With Congress moving to overrule the White House, Dubai Ports World announced it will give up its management stake in a deal to operate some of the terminals at U.S. ports and transfer it to an American company.
“Because of the strong relationship between the United Arab Emirates and the United States and to preserve that relationship, DP World has decided to transfer fully the U.S. operation of P&O Operations North America to a United States entity,” said DP World’s chief operating officer, Edward H. Bilkey.
The statement was read on the Senate floor today by Sen. John Warner, R-Va.
Warner said Prime Minister Sheikh Mohammed Al Maktoum of the United Arab Emirates, “advised the company … that this action is the appropriate course to tak
DP World was to manage two of Baltimore’s 14 cargo terminals, three of 12 in Houston, one of three in Miami, one of four in Newark, two of five in New Orleans, one of five in Philadelphia and one cruise terminal in New York City and one in Boston.
It also was to help run stevedoring operations in some of those ports and a number of others.
The Republican-led House Appropriations Committee voted yesterday 62-2 to add an amendment to a military funding bill, essentially blocking the pact with the government-owned company.
In a meeting today at the White House with House Speaker Dennis Hastert, R-Ill., and Senate Majority Leader Bill Frist, R-Tenn., President Bush was told measures would be passed to block the deal by veto-proof majorities, according to CNN.
The president has threatened a veto of any legislation to scuttle the agreement.
Senate Democrats, seeing opportunity to seize ground from Republicans on a national security issue, tried to get their own measure passed by attaching an amendment to a lobby reform bill.
Senate GOP leaders wanted to prevent a vote before the end of the 45-day review period, but those hopes were dashed when the House panel voted overwhelmingly against the ports deal.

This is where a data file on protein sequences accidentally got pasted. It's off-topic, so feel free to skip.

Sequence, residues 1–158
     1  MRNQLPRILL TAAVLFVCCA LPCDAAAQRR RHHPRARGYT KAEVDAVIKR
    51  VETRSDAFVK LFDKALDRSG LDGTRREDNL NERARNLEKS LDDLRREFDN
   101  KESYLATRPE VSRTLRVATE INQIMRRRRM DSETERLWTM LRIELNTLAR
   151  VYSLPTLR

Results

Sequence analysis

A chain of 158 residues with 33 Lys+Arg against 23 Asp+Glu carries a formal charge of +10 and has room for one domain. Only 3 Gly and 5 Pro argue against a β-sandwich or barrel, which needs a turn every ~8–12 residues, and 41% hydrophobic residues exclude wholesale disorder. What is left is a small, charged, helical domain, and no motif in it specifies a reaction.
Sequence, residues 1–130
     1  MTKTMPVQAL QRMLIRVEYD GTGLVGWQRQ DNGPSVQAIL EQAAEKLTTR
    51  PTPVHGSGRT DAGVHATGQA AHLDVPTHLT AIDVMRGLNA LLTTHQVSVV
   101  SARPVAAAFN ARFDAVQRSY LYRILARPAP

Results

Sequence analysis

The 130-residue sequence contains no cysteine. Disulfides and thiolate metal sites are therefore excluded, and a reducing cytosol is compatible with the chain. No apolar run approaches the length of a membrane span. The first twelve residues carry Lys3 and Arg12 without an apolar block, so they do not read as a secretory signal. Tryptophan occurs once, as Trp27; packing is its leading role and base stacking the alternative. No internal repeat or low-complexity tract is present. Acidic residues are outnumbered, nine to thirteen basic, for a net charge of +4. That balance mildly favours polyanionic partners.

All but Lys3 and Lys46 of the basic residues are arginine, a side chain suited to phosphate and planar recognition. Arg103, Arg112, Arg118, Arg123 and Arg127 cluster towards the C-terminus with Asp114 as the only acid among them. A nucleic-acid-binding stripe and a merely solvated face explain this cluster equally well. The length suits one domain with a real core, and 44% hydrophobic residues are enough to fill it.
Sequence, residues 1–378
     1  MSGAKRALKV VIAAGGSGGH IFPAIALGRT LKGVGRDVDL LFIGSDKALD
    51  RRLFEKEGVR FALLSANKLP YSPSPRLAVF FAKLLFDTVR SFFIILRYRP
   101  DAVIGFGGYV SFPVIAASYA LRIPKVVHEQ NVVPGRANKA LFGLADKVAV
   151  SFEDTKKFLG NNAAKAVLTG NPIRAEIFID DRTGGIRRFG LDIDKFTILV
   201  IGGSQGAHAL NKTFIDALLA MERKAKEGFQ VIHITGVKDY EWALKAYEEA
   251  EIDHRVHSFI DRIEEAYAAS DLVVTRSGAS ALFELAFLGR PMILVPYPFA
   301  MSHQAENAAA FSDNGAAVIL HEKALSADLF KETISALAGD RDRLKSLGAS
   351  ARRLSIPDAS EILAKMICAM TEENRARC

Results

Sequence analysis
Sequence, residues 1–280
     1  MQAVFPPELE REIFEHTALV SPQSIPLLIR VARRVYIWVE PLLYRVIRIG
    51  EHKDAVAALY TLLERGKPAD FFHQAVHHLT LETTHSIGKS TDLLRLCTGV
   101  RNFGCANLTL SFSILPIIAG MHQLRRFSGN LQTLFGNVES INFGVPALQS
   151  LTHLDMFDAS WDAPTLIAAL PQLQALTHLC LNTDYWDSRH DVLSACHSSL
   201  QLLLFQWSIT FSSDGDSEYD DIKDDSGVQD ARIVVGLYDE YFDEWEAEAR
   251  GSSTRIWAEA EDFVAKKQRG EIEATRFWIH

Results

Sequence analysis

“I admire what the House did,” said Senate Democratic Leader Harry Reid, D-Nev., according to the Associated Press. “They said we know the president feels strongly about this. We know he said he’s going to veto this. But we’re going to do it because we think we have an obligation to our constituents.”
But Democratic leaders remained cautious following the Dubai firm’s announcement.
Reid said, according to the New York Times, “We will have to wait and see what is really going to happen.”
A leading critic of the agreement, Sen. Charles Schumer of New York, called the announcement today a promising development.
He said, however, that if the Dubai-owned company retained ultimate control over the port operations, “I don’t think our goals would be accomplished and obviously we will need to study this agreement carefully.”
Opponents have voiced security concerns about control of port terminals by an Arab country that has been a conduit for terrorist funds, spawned some of the 9-11 hijackers and refuses to recognize Israel.
A group opposing Islamic extremism sponsored rallies in New York City and Los Angeles to protest the deal.
“We have heard from our politicians; now it’s time that we hear from the people of America,” said Jesse Petrilla, founder of the The United American Committee. “We need to send a clear message to our president that Republicans and Democrats alike agree that this sale goes greatly against the best interest of our nation and its people.”
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